Writing is thinking, part II

writing is thinking
thinking and writing is not always popular


The first formation of this thought, for me, was when I went back to college in the summer of 1994. I was forty-three (43) at the time and returning to “higher education” was a scary thought that turned into action. It (writing is thinking) was an assignment by my E102 (English, the research paper) professor. (Shout out to him! He knows who he is, and it is my sincere wish he’s alive and thriving. In fact his comment on my paper was, “You could teach this class.” Which sixteen years later I sort-of did.)

The concept of writing as a form of thinking has been a guiding principle, or value, for me ever since. The professor loved my paper, which added to the positive reinforcement I’d been getting for my writing and thinking at that time in my life.

Subsequently, I’ve never stopped writing and thinking, or maybe more accurately thinking and writing, and then re-thinking what I thought, and wrote (also known as rewriting and re-thinking) – which I think I’d make clear in the paper.

And but so [Shout out to David Foster Wallace] https://en.wikipedia.org/wiki/David_Foster_Wallace

Here is my original paper [unedited, but with hyperlinks available today]:

Writing Is Thinking

Writing is thinking, that is if we consider writing to be more than just the physical act of taking pen in hand, or placing fingers on the keyboard, and copying someone else’s written thoughts. It is my belief that writing is a process that takes thinking to a higher level. Writing, or putting one’s thoughts down on paper, has demand characteristics  that require the subject to at least consider some form of justification for that which he is thinking. It is a process that links together one’s thought and actions, and thus has the effect of causing one to go beyond a simple automatic, knee-jerk, heuristic. It also has the consequence of clarifying and strengthening one’s beliefs and attitudes. Let’s take, for example, a psychological experiment conducted by Donald G. Dutton and Arthur P. Aron concerning sexual attraction under high anxiety (Ayala M. Pines & Christina Maslach; Experiencing Social Psychology, 1993, Pgs, 234-240). https://en.wikipedia.org/wiki/Misattribution_of_arousal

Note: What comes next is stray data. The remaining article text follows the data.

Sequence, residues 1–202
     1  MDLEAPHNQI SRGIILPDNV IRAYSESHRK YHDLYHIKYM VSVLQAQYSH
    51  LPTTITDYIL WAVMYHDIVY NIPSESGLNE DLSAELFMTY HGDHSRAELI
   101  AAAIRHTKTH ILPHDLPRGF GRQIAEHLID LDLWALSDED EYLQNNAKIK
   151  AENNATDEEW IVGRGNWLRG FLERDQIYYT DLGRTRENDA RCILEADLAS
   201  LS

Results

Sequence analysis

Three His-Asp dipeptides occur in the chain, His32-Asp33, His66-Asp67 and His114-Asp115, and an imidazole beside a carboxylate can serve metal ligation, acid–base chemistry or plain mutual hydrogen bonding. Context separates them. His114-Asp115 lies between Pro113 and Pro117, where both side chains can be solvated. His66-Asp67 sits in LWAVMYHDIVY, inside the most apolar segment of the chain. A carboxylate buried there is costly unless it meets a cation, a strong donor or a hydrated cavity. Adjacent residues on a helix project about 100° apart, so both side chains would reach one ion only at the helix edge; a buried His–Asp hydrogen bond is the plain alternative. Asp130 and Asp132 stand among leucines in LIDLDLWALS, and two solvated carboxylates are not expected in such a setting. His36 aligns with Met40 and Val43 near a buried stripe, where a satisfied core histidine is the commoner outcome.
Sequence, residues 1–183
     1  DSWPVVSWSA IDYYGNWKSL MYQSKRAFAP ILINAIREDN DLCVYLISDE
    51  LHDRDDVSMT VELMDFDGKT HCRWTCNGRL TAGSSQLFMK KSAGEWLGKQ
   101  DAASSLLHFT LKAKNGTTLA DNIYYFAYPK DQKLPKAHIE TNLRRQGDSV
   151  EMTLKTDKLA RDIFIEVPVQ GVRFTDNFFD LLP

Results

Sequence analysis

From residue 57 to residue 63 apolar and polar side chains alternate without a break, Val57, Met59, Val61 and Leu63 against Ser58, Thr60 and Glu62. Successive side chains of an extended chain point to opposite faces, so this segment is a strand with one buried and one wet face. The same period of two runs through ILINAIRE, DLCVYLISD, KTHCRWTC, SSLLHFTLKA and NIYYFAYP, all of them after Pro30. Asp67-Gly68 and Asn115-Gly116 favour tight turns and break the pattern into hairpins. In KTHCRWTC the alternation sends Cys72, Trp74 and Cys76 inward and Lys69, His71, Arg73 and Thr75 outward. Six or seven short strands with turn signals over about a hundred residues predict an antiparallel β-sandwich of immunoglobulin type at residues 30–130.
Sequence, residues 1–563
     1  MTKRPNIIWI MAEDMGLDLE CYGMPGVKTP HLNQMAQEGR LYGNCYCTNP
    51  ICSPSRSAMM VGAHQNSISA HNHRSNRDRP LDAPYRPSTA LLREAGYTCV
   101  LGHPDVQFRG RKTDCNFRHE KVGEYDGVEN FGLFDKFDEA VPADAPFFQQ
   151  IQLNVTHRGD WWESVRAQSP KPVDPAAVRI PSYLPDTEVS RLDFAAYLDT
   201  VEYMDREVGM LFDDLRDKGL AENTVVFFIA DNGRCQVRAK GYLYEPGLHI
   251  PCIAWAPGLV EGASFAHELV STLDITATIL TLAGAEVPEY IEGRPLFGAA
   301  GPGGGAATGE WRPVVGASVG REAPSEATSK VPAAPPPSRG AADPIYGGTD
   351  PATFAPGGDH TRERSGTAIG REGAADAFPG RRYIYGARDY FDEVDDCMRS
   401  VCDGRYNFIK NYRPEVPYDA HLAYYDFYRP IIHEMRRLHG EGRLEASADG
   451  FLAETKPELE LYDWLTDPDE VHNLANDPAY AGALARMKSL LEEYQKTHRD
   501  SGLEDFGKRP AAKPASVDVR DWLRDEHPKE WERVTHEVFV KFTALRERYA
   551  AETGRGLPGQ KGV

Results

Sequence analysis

In this experiment male subjects misattributed the physiological arousal experienced with crossing a high suspension bridge to that of attraction  for a becoming female interviewer. This thought and subsequent action taken by a majority of the subjects (telephoning the women), most probably would not have occurred had the subjects been asked to write about their experience. In the process of writing about the day’s events and its affects on them, the subjects would be more likely to properly place the arousal they felt with the crossing of the bridge, and not with the meeting of the girl, which occurred afterwards. They would also be more inclined to examine just what it was about the girl they liked, and might have come up with nothing. On the other hand, in writing about the experience, some of the subjects may well have so bought into the romantic fantasy of “love at first sight” that they actually strengthened their misattribution to the point of convincing themselves that this was indeed a girl worthy of serious courting. In either event, writing about it would deepen the experience and increase the chances of it becoming a significant part of the subjects lives.

In the act of writing, we are in a way making a public declaration of our thoughts. At the very least we are making them a historical fact, and so we will want them to be justifiable if not entirely accurate, lest we look the fool. and so it is that our writing is not only thinking, but thinking at a higher level.

Holy shit – that’s some good thinking and writing!

3 thoughts on “Writing is thinking, part II

  1. And but so (see above); as publishing changes via the “‘brave’ new world” I added some links to my original paper regarding definitions, etc. Anyway, read at your own risk?

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